LACONIA — The City Council this week unanimously voted, on first reading, to amend the City Charter to authorize the City Clerk to declare a primary election unnecessary if no more than two candidates file for any particular office.
A public hearing on the amendment will be held during the next regularly scheduled meeting of the council on Tuesday, May 27. Voters will have the final say in November.
The amendment would also move the filing period for municipal elections, which currently opens on the first Wednesday in June and closes on the following Friday, to August, approximately a month before the primary on the second Tuesday of September.
In addition, the amendment would tighten the requirements for write-in candidates to qualify for a place on the ballot for the municipal election in November. The provision that the two candidates receiving the most votes in the primary are declared the winners and placed on the ballot, would carry a rider stipulating that a person who had not filed a declaration of candidacy and received fewer than 35 write-in votes would not be eligible for a spot on the general election ballot. The rider is intended to ensure that any write-in candidate who earns a place on the general election ballot has demonstrated an intent to serve by mounting a write-in campaign as reflected by polling a minimum number of votes.
The amendment would apply to the primary elections for the mayor and city councilors, seven members of the School Board, whose members serve staggered terms, requiring a primary every year, and three seats on the Police Commission.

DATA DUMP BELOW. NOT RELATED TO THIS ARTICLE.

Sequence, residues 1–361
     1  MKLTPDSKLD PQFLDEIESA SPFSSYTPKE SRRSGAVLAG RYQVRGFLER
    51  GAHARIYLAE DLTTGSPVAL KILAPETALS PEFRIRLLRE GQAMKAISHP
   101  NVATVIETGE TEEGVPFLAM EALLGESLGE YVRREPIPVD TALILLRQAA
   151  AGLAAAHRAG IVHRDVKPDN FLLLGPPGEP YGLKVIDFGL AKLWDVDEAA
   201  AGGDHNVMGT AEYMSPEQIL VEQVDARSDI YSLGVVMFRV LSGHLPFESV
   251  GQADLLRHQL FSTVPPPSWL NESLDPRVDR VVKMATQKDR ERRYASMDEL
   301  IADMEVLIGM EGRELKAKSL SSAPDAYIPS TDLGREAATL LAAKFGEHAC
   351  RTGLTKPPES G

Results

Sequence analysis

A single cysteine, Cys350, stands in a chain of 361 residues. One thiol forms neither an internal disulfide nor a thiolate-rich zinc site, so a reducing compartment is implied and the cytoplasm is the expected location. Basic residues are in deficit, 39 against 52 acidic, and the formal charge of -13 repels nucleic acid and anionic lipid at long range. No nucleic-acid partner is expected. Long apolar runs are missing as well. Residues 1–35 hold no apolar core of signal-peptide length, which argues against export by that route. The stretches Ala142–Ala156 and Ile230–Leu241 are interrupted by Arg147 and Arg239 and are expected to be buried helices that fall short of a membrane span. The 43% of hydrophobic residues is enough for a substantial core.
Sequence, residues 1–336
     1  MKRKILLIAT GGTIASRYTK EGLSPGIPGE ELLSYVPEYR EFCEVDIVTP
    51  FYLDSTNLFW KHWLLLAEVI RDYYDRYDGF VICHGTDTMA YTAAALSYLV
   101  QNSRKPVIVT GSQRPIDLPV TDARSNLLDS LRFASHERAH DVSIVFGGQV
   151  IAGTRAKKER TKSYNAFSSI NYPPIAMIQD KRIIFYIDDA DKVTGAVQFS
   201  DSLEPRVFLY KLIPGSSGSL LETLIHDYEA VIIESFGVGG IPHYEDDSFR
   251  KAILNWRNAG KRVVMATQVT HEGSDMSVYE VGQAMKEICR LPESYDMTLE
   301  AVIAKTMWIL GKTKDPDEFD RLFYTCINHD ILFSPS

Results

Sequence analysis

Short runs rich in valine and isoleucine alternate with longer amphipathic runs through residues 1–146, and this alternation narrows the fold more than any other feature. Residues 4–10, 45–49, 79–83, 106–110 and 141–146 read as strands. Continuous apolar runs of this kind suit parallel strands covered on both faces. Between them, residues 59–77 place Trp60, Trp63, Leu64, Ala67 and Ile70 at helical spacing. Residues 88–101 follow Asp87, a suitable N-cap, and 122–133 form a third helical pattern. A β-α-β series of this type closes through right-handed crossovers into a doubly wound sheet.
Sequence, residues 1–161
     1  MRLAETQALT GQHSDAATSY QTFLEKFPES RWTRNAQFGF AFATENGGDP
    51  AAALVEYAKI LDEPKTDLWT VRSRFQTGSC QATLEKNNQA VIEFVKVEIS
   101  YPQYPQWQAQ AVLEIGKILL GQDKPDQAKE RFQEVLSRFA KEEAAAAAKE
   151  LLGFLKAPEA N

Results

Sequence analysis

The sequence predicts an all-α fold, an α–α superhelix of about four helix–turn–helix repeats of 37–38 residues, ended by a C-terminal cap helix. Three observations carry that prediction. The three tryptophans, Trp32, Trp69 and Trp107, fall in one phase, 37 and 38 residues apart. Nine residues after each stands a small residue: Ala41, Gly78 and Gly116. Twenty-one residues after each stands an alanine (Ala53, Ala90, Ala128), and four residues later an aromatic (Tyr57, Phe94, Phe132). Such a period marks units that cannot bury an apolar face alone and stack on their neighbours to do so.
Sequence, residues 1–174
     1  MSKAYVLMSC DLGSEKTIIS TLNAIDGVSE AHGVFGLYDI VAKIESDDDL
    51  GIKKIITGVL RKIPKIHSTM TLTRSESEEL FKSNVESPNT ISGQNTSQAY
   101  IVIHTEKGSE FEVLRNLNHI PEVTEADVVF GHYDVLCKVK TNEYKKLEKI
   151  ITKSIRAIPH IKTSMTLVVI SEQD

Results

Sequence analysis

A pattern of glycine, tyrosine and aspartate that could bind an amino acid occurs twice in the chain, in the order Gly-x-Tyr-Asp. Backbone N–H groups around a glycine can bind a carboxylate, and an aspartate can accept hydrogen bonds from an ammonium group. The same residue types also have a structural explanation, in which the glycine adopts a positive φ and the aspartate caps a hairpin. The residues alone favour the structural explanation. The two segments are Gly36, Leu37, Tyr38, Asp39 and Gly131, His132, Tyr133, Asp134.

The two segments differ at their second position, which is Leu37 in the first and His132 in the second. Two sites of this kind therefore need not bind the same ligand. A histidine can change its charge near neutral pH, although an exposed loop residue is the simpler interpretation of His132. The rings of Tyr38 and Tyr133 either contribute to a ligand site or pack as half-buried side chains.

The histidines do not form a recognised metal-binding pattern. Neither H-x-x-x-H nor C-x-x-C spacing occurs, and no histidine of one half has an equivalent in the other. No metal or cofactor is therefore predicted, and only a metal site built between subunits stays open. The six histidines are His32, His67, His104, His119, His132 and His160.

Laconia is one of three of the state's 13 cities to conduct municipal primary elections. Both the other two — Manchester and Keene — follow the procedure prescribed by the amendment.
In the eight primary elections between 1997 and 2011 voter turnout has averaged 9 percent. In three of the past eight elections — in 2003, 2009 and 2011 — primary elections were held even though there were not more than two candidates for either mayor or any of the six council seats. Last year when there were three candidates for mayor but no more than two for any of six city council seats the turnout was 6 percent.
Reynolds said that cost of conducting municipal primary elections is approximately $8,600, which does not include about $1,000 for police details at the polling stations at Woodland Heights Elementary School and Laconia Middle School. The cost consists of $3,900 for printing ballots, $1,000 for materials at polling stations and $3,700 in wages of poll workers.
After the public hearing, the City Council will likley order the proposed amendments to be placed on the ballot for the municipal election. The amendment, including any substantive changes made following the public hearing, must be approved by the New Hampshire Secretary of State, Attorney General and Department of Revenue Administration.